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Rachel Obmann Sticks the Landing

Over the years, the sport of gymnastics has grown increasingly popular and admirable. From the floor to the vault, Christian Brothers’ very own Rachel Obmann (’17) has taken tremendous steps to carry out this passion. Her gymnastics career began at a very young age. “I was about six years-old when I started taking the girls’ basic one class,” she […]

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Over the years, the sport of gymnastics has grown increasingly popular and admirable. From the floor to the vault, Christian Brothers’ very own Rachel Obmann (’17) has taken tremendous steps to carry out this passion. Her gymnastics career began at a very young age.

“I was about six years-old when I started taking the girls’ basic one class,” she states. “My sister introduced me to gymnastics because she was doing it and I thought that it looked super fun.”

She and her parents were then opened up to an entirely new sport.

“I didn’t know much about gymnastics,” Rachel’s father admits. “In Ohio, we didn’t have gymnastics anywhere.”

“The great thing about it was that it was something new for all of us. We didn’t have any exposure to this sport other than what you see on the Olympics every four years,” he chuckles.

As a young child, Rachel quickly realized that gymnastics was going to become her whole life.

“I was doing gymnastics and softball,” Rachel explained, “and one day I just thought, ‘I want to go forward in gymnastics,’ so I had to quit softball.”

She soon saw that the intensity would kick up in no time.

“I knew that it was going to be something new for her and for the whole family,” Mr. Obmann declares, “and that it was going to take a big time commitment and that she would have to be really dedicated to it to become good at it.”

 

“I kept doing gymnastics, and the hours kept adding up since each level got harder and harder,” Rachel reflects. “So I started at one hour a day to four and a half now.”

One of her best friends, Megan Walaitis (’17), is amazed by her dedication.

“She was telling me about everything she has to do for practice,” Megan explains. “I would not be able to do that for so long every single day.”

What started as a hobby quickly turned into a routine.

“At the beginning, I loved it. I always wanted to go to practice every single day,” Rachel recounts. “I was excited because things weren’t super hard for me yet.”

“I thought it was cool when she told me she does gymnastics,” Megan says. “I don’t meet a lot of people that do that.”

But small bumps in the road soon made their first appearance.

“There came a point where it was getting harder, and I didn’t know if I still wanted to do it,” she confesses. “It was a period of struggling because it was hard balancing with school with family life and friends.”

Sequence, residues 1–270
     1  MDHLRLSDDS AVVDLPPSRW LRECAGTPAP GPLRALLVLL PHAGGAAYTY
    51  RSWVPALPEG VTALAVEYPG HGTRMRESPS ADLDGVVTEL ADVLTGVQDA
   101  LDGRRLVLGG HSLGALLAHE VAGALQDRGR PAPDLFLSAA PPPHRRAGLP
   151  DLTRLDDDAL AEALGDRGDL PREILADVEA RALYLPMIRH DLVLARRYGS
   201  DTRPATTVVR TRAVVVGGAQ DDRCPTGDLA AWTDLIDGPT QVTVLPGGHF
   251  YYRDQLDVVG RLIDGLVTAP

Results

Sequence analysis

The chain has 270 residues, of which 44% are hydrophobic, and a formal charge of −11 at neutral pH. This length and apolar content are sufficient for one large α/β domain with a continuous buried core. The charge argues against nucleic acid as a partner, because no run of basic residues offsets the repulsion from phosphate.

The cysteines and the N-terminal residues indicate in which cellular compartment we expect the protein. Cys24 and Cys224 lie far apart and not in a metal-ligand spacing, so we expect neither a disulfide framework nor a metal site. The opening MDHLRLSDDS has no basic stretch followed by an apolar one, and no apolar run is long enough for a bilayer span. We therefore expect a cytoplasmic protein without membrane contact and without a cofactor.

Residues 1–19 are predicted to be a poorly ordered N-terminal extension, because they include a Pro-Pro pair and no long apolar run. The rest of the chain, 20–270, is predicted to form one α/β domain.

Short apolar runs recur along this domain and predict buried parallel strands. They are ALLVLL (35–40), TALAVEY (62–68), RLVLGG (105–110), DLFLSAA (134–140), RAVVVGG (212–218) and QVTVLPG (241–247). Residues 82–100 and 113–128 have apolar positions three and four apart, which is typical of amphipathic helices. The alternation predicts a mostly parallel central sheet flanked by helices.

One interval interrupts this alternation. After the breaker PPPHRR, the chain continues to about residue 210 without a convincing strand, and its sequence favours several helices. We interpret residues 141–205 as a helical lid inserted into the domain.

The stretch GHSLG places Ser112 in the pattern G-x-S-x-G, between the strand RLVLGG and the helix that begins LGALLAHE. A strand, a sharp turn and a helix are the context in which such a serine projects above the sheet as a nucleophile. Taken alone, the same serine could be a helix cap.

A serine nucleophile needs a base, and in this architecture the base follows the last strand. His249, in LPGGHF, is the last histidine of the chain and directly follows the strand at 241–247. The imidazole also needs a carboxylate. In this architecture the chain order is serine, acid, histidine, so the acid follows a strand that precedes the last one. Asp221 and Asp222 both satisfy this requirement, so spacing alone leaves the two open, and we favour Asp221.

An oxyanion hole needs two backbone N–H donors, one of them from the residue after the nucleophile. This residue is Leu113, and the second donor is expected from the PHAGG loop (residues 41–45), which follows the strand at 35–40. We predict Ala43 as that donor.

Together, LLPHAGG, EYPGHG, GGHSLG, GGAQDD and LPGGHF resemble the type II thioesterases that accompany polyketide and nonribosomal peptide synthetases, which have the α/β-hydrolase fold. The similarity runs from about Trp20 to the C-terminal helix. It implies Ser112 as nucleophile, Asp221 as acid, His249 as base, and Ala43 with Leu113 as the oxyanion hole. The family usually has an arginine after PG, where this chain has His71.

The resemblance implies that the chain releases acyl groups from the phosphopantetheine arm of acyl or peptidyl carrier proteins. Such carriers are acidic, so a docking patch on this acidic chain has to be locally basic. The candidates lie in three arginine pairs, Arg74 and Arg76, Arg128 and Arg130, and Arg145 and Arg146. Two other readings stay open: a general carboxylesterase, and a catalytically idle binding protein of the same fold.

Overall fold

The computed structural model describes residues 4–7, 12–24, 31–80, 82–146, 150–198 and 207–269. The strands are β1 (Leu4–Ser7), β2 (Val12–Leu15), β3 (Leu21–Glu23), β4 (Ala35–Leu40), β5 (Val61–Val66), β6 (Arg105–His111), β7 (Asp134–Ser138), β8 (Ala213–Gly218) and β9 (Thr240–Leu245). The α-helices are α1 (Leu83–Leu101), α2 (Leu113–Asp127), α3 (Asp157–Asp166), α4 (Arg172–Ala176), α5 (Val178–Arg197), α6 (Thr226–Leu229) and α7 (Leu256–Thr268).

Even after a mentally challenging experience, she knew what path was right for her.

“Eventually I knew that [gymnastics] could get me far, so I’m going to stay,” she confirms. “So it basically wobbles back and forth, but as a whole, I love it because if I wasn’t doing it, I wouldn’t be the person I am.”

However, she has encountered terrible events that put her career on hold.

“Freshman year, I almost broke both of my legs,” says Rachel in fear. “That was really hard, trying to get back in the swing of things and getting my body back into the shape that it was.”

“It took her out for her season,” her dad states. “That was a scary one.”

He took the injury as an opportunity to step up as an encouraging sign.

“I looked at that and realized I had to really find a way to be a champion and a supporter for her as she goes through this.”

The Obmann family was beyond relieved to see her recover.

“We were lucky because we didn’t have a career-ending injury,” Mr. Obmann says graciously.

Her teachers can see that Rachel’s motivated behavior on the beam is reflected in the classroom.

“Rachel tries very hard,” Ms. Tracy Chadbourne confirms. “She comes to class every single day and she gives it everything she’s got. She asks you a million questions, and she doesn’t give up until she gets the concept.”

“It’s kind of an inspiration to see a person try that hard,” she continues. “It inspired me as a teacher, and it definitely inspired her classmates as they watched that.”

Ms. Chad has no trouble seeing how her personality in gymnastics relates to that in academics.

“I think gymnastics gave her the grit to keep trying and fall down and get back up,” the teacher affirms. “You can see it in everything she does.”